Preschool problems: what to expect in the first month

Transitions can be difficult, especially those as big as heading off to preschool for the first time. As your child adjusts to her new routine, you may see new behaviors from her. We reached out to Rebecca Zalit, the director of Tender Years Child Development Center in Camp Hill, and two lead teachers from the Carlisle Community Nursery School, Jennifer Lambert and Tammy Frutsche, to find out what to do about a variety of possible scenarios.

Problem: Your child is having more meltdowns in the late afternoon now that she’s in preschool. What’s going on?
Jenifer Lambert:
Your child is experiencing a brand new situation.  They spend the school day working hard to be on their best behavior, learning and experiencing new friendships.  They hold it together all day.  This takes a lot of their energy.  When they get home, they are exhausted, and this is when their meltdowns occur.  They feel comfortable with their parents to take a break from holding it all together.

Problem: You’re concerned that your child may a bit much to handle at times. How often should you be in touch with his teachers to make sure he’s OK and they’re OK?
It’s normal for a parent to worry that their child is not behaving or is causing issues in a classroom. It’s perfectly okay to reach out to your child’s teacher to let them know your concerns.  Communicating early on with your child’s teacher can be helpful in heading off any issues your child might be having.  One important thing to know about preschool is that preschool is where children learn what behaviors are acceptable and unacceptable for school.

Problem: Your potty-trained child came home wearing his change of clothes – for the second time in one week. Should you be concerned about accidents at school?
Rebecca Zalit
Starting in a new school or classroom can be a big transition for some students! Accidents can occur with potty-trained children for a variety of reasons: they were busy in play with their new friends and toys, they were highly engaged in group activities, they were unsure of how to use the bathroom in their new classroom or were nervous to let the teacher know they need to use the bathroom. It is important find out the details about the accidents that occurred and work with your child’s teacher to find a solution, if one is needed. You can introduce your child to the bathroom that the classroom uses and, speak with the teacher and your child about what they need to do when they have to use the bathroom.

Problem: The teacher tells you that your son was bitten by a classmate in school today. What will the school do to help it from happening again?
Zalit: When a child is having a behavior difficulty in the classroom, such as biting, programs should have procedures in place to address these behaviors. Commonly, teachers will redirect children from negative behavior, reassess the classroom environment, appropriateness of activities, and supervision. Teachers document any disruptive behavior to monitor patterns that may be occurring and give written copies of the behavior to the parents or guardians. Programs also use screening tools with parents and can refer parents for professional consultation if needed. Open communication with your teachers and program administrators is key; while confidentiality must be maintained, staff are able to disclose behavior policies, classroom procedures, and plans to adjust the classroom environment if needed.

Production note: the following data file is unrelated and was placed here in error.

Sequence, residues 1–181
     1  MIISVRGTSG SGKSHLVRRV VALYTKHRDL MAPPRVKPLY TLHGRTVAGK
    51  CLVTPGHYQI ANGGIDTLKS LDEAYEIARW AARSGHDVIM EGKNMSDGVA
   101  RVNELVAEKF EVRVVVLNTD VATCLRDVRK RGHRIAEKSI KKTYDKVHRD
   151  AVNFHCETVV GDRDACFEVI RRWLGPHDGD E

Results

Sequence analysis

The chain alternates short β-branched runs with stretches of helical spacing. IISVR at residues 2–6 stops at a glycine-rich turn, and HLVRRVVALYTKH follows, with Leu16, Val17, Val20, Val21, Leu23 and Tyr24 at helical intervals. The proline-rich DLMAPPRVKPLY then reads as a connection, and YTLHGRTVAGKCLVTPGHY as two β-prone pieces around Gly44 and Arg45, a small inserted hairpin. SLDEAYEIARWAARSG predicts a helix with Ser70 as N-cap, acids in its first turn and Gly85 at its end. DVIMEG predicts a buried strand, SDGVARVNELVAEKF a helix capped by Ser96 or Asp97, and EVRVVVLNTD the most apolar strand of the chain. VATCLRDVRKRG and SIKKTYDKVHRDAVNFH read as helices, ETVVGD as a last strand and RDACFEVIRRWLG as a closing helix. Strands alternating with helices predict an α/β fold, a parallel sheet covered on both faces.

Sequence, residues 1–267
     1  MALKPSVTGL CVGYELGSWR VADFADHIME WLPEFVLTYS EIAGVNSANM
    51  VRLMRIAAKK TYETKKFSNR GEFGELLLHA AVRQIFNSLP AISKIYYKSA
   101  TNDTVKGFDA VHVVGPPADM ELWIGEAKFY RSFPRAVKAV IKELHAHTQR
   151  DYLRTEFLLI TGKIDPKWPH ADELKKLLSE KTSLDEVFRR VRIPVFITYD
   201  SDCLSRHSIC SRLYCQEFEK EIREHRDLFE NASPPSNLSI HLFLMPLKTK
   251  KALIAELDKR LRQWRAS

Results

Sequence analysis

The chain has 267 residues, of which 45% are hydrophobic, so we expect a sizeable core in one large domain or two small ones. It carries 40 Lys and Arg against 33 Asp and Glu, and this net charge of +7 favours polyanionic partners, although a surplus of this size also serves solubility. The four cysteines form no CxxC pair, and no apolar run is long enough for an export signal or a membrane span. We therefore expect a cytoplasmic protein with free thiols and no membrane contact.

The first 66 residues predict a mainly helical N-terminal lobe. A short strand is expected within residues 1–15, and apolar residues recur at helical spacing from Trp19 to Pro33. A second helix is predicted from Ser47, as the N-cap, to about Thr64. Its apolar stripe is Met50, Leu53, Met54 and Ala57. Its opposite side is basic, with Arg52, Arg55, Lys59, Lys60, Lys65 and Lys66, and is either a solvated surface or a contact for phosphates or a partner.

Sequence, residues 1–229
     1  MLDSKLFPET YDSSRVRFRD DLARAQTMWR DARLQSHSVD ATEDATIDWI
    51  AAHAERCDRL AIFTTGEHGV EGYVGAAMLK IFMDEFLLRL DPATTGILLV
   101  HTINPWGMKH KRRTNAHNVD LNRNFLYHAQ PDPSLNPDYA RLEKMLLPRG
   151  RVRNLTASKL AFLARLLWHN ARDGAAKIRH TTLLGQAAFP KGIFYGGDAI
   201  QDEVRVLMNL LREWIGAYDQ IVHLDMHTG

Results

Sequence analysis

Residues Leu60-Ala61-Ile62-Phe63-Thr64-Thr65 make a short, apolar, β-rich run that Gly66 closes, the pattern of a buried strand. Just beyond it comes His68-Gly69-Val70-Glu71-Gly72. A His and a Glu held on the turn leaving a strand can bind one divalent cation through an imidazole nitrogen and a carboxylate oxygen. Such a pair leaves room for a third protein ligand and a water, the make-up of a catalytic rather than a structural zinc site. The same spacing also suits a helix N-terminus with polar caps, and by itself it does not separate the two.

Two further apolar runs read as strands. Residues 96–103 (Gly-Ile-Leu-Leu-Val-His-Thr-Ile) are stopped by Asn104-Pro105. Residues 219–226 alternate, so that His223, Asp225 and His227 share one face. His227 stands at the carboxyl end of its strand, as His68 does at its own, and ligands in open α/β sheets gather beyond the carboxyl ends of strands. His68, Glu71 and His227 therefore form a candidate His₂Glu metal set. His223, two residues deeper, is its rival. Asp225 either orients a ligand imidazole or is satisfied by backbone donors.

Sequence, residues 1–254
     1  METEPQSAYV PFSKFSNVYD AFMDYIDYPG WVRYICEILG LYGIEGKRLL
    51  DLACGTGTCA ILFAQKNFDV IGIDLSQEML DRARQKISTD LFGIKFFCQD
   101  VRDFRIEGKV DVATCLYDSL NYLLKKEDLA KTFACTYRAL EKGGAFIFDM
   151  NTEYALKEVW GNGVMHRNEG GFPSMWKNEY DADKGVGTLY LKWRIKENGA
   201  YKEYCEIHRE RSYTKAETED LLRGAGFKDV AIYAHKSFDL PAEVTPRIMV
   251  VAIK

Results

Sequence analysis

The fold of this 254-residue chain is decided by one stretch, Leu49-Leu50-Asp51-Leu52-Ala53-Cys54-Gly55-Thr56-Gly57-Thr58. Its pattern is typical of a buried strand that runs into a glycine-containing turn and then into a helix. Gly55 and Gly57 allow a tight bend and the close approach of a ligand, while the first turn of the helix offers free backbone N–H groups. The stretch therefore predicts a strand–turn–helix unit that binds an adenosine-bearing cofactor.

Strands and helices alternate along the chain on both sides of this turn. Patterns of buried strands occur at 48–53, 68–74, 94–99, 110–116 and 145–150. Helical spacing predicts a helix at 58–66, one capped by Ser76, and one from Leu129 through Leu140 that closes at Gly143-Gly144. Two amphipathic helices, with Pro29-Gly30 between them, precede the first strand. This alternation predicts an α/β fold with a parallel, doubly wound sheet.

Problem: You pack healthy lunches, and half the food comes back with your child at the end of the day. How can you know she’s not starving?
Tammy Frutsche:
We encourage them to eat (during lunch bunch), and most of them do a great job.  However, sometimes they get distracted by what their neighbor has for lunch, they want to eat quickly so that they can play, there’s too much food, and so on.  We always eat with them, so hopefully we are setting a good example.  Also, we have snack about an hour and a half before lunch so they may not be that hungry. They will not starve!

Problem: Your child doesn’t seem to like her teacher. What should you do?
It’s important to have a conversation with your child – why don’t they seem to like the teacher? Sometimes it is difficult to transition to a classroom environment with new schedules and rules. Oftentimes, the first few weeks of the school year are spent focusing on those schedules and rules – could this be affecting your child’s perception of their teacher? Model positive interactions with the teacher for your child; at drop off and pick up times, make time to greet your child’s teacher with your child and have a brief conversation about what’s in store for your child’s day at school, or how your child’s day went. Be sure your child knows that you and her teacher are working together to make school a great experience. If your child still doesn’t seem to like their teacher, schedule a time for you to talk with the teacher to help find a solution; ask for help understanding what’s bothering your child.



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